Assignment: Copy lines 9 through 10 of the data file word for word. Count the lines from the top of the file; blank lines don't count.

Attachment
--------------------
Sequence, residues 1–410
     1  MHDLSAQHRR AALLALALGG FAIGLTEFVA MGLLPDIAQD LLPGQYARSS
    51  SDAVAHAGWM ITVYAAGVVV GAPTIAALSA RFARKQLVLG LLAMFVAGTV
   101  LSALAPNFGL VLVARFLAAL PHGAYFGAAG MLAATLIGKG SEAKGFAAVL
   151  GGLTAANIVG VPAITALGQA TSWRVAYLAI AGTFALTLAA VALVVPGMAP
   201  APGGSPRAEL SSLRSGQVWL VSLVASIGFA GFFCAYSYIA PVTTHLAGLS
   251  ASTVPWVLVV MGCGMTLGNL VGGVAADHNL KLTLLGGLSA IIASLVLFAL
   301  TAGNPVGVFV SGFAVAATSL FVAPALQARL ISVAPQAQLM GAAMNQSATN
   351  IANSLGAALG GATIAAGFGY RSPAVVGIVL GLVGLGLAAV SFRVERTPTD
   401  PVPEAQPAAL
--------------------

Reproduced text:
   351  IANSLGAALG GATIAAGFGY RSPAVVGIVL GLVGLGLAAV SFRVERTPTD
   401  PVPEAQPAAL